The recently released report, by a blue ribbon commission of the University of California, regarding the cost of the Don’t Ask, Don’t Tell policy, nearly doubling the estimated cost of DADT discharges from America’s Armed Forces, still does not count the loss of those service members who left in silence (Don’t Ask’s Staggering Costs,” by Stefen Styrsky, Feb. 23-Mar. 1).
The GAO report of 2005 estimated the cost of Don’t Ask, Don’t Tell discharges at some $200 million over the previous ten years. The UC report of the past week nearly doubles that estimate when the troop replacement costs are counted. These estimates only count the costs of discharging and replacing those who were caught, those whose identity as gay was revealed. Left uncounted are the many thousands of other gay and lesbian American volunteers who reluctantly left in silence by not reenlisting rather than complete their patriotic careers. Many of these service members were senior NCOs who could no longer live in silence with freedom to be themselves just outside the base gates.
It is difficult to estimate the cost of the years of lost training, leadership, and experience that these senior enlisted service members took with them when they left the Armed Forces in silence, because their numbers are unknown. Add to that the cost of recruiting and training new personnel and then awaiting their maturation and promotion through years of service. The result is yet more wasted resources and ruined lives due purely to a pointless bigoted outdated ideology abandoned by nearly all other civilized free democratic countries.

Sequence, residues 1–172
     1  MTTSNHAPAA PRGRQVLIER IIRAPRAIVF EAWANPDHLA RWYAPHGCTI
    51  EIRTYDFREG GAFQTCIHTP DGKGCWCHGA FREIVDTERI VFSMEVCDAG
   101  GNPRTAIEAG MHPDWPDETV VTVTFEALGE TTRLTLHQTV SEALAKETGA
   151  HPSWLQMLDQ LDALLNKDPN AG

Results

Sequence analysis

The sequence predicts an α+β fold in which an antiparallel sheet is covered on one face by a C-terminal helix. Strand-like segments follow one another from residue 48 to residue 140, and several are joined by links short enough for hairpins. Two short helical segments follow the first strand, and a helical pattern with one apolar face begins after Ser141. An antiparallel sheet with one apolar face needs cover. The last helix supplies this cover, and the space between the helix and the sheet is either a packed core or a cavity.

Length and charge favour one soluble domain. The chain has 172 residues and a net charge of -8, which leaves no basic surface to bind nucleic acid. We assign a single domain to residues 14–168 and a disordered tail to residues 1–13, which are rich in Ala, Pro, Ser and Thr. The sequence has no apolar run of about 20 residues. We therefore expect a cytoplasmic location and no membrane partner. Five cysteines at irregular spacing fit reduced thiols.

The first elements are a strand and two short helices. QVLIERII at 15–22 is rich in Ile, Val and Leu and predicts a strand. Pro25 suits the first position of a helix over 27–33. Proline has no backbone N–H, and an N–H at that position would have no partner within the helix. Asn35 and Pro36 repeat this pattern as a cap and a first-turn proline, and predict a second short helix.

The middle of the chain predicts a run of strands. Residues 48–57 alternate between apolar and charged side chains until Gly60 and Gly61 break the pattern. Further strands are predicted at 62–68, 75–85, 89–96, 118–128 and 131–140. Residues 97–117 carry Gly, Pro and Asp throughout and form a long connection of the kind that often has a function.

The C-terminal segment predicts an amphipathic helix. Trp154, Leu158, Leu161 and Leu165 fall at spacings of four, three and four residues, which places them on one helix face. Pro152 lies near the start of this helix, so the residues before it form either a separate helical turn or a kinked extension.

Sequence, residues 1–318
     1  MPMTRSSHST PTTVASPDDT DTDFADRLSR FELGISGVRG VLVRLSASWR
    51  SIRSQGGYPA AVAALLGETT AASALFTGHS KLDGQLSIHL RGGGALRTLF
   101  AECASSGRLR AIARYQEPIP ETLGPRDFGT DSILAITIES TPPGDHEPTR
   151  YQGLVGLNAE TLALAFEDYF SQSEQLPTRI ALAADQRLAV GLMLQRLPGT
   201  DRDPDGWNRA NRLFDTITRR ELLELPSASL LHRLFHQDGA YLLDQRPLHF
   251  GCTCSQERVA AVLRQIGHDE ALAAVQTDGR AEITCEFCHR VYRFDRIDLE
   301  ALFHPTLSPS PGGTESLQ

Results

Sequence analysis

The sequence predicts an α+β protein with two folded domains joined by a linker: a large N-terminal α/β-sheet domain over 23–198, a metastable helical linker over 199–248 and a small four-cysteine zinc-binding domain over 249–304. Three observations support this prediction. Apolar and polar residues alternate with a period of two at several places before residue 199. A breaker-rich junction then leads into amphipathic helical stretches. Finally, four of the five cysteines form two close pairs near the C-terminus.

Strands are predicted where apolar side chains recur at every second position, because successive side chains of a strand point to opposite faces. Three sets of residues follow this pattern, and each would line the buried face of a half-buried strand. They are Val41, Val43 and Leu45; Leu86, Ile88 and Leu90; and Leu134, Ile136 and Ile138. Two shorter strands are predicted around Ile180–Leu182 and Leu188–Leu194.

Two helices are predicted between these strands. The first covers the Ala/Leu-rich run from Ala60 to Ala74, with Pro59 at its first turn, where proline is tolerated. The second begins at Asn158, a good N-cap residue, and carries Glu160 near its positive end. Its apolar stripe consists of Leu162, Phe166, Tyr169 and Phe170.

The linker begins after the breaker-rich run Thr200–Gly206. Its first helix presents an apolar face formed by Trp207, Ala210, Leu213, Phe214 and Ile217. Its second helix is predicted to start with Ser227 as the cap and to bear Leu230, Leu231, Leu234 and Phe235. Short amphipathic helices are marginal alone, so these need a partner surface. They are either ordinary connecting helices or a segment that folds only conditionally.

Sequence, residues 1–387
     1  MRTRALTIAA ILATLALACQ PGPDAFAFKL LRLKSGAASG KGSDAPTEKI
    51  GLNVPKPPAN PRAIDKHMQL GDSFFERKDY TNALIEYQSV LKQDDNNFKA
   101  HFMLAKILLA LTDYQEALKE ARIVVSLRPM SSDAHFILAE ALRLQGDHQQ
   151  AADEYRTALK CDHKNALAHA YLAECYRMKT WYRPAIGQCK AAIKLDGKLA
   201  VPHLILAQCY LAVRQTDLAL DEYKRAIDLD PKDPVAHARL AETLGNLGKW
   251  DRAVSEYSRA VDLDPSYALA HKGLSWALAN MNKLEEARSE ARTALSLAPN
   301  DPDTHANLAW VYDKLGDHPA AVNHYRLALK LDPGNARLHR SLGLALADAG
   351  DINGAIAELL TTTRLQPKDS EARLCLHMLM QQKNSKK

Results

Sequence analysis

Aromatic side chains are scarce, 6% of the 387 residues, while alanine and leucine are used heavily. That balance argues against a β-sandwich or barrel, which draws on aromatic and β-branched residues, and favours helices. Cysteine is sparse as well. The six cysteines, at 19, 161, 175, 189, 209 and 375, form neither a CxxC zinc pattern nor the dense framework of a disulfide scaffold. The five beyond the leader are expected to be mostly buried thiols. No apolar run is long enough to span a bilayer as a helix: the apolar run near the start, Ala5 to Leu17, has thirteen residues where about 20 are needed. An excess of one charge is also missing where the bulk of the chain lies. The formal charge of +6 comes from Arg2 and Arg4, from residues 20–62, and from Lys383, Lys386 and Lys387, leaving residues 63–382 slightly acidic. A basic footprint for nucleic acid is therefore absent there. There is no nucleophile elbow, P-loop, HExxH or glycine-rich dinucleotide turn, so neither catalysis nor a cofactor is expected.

President, American Veterans for Equal Rights-NY
New York City
February 21, 2006
To the Editor:
Under the leadership of Mayor Bloomberg, New York City has made great strides in the fight against HIV/AIDS. In particular, I commend the mayor and his administration for expanding HIV testing and condom distribution and for resolving to reduce AIDS-related deaths in the city by 40 percent by the end of 2008. (“Health Commish Pushes HIV Law Overhaul,” by Duncan Osborne, Feb. 9-15). In order to achieve this goal, however, the administration must ensure that comprehensive HIV prevention programs are offered in all homeless shelters.
There is a direct link between homelessness and an increased incidence of HIV. A recent administration report shows the rate of new HIV diagnoses is 16 times higher among adults in single adult shelters than in the adult population as a whole. Despite this alarming statistic, there is no comprehensive approach to providing HIV testing, condoms, and prevention workshops to this highly vulnerable population. Organizations that perform HIV prevention work do not have regular access to the shelters.
I support the report’s recommendations that the city expand HIV rapid testing at homeless shelters and increase the availability of condoms and prevention information. But I am calling on the Bloomberg administration to go a step further and commit to providing these services at all shelters. With the right policies in place, we can slow the spread of the virus and achieve the mayor’s goal of a 40 percent reduction in AIDS-related deaths.
New York City Public Advocate